IA also operates Samyukta EW system. It consists of 145 vehicles which move along with our strike corps to conduct EW missions in enemy territory. It is a recent acquisition and made in house by DRDO. There are equivalent French and Czech versions available for purchase. Perhaps more European countries will join the fray if IA asks for it.

    Just because IA does not go for one home made product does not mean they are against indigenous products. Critics are to remember that. IA will choose what's best for them and the country and not what's best for DRDO.
     
  18. Yusuf

    Yusuf GUARDIAN Administrator

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    Heard of this before. Its one topic that has been flogged many times. some say its good, some say its bad. As far as it not killing is concerned, well that's what this caliber weapon does. So does the M16. Many would jump up and say that is a good gun. Please we need to know the requirement of the forces. The AKs are for killing and we have them too and license produce it.

    People need to understand in what perspective something has been said rather than jump on a single phrase as what happens more often than not just to sensationalise.
     
  19. Sabir

    Sabir DFI TEAM Senior Member

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    Exactly P2prada Sir, sometimes I wonder whether the have closed their R&D unit or not. The same rifle for years.....even its look doesnt give much confidence to the person's mind who is carrying it. Other countries have gone miles ahead when it comes about experiment...
     
    Last edited: Feb 20, 2010
  20. Sridhar

    Sridhar House keeper Moderator

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    Dr. Saraswat also refuted criticism about the performance of made-in-India INSAS (Indian Small Arms System) rifles. He said there were no niggles in the INSAS rifle, a standard issue to the infantry and the paramilitary forces, and felt the complaints, if any, must be local in nature. The feedback from the Army indicated that the troops were satisfied with the rifle.

    http://idrw.org/?p=600
     
  21. Ray

    Ray The Chairman Defence Professionals Moderator

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    Though I am using Singh's post for reply, the issues I am raising is general having observed some of the posts.

    I have graduated from the .303 to 7.62 SLR to AK 47 and then onto the INSAS. I have no complaints against any of the weapons. Even as a senior officer, I still had to pass the Annual Range Classification and so the rank has nothing to do with firing weapons.

    I learn that there is a thought that the INSAS is too fragile and has stoppages. Well, yes, INSAS is fragile compared to the AKs. Stoppages occur due to defective ammunition and poor maintenance. It can happen to any weapon. However, if there is a grouse, it is because the jawans are comparing it the AKs which are relatively maintenance proof. The grouse is causative of a lazy mindset in my opinion. Further, jawans are rugged and so they empathise with anything that is rugged. There has been no complaints about the accuracy of the INSAS vs AK 47.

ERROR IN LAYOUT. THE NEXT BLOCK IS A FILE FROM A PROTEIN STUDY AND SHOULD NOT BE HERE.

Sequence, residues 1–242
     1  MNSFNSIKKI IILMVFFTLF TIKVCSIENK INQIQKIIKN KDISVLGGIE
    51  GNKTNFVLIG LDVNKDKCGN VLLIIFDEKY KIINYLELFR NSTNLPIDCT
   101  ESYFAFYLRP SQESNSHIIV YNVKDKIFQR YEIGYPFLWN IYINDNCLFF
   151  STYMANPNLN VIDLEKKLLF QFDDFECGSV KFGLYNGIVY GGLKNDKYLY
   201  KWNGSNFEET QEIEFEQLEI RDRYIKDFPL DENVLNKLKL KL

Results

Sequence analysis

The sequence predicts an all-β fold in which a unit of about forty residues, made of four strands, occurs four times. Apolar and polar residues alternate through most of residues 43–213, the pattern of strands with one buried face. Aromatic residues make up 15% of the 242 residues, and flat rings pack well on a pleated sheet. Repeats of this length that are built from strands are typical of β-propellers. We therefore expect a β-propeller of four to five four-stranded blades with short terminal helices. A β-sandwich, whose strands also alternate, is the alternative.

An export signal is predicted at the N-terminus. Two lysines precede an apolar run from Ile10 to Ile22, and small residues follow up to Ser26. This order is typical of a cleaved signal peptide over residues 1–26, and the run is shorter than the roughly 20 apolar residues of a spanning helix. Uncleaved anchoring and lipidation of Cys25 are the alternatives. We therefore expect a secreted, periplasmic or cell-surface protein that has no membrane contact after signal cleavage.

There is also a group that feels that 5.56 is not lethal. If it were not so, how come terrorists succumb to INSAS fire? And anyway, why don't they stand in front and face a INSAS shot and stay alive to tell the tale?

    In my opinion, all this change of calibre hype is US military industry driven. If an Army has to change their weapons, imagine the profits reaped by the military industry!!

    The British Army has a rifle that is 5.56 and has an effective range of 450m, so does INSAS. There is no requirement to fire beyond with a rifle since there is a plethora of weapons that are designed for longer distances. Accuracy at long distance is difficult to maintain and so long distance weapons are normally automatic in fire and so the hit probability increases. Now, if the rifle also is automatic and long distance, then by the time the enemy closes in or we close in, the ammunition will be expended. Then, the whole action will come to nought. That is why being able to hit at 300 yds is adequate and more so since the individual being fired at can be identified with the naked eye.

    One could say the rifle could have a scope. True. But if you look through a scope, you are lost to the immediate combat environment! A rifleman has to be aware of the immediate combat environment.

    The INSAS is perfectly fine in the CI environment as is AK 47. What makes it unfit? I hope someone will elaborate.
     
    Last edited: Feb 22, 2010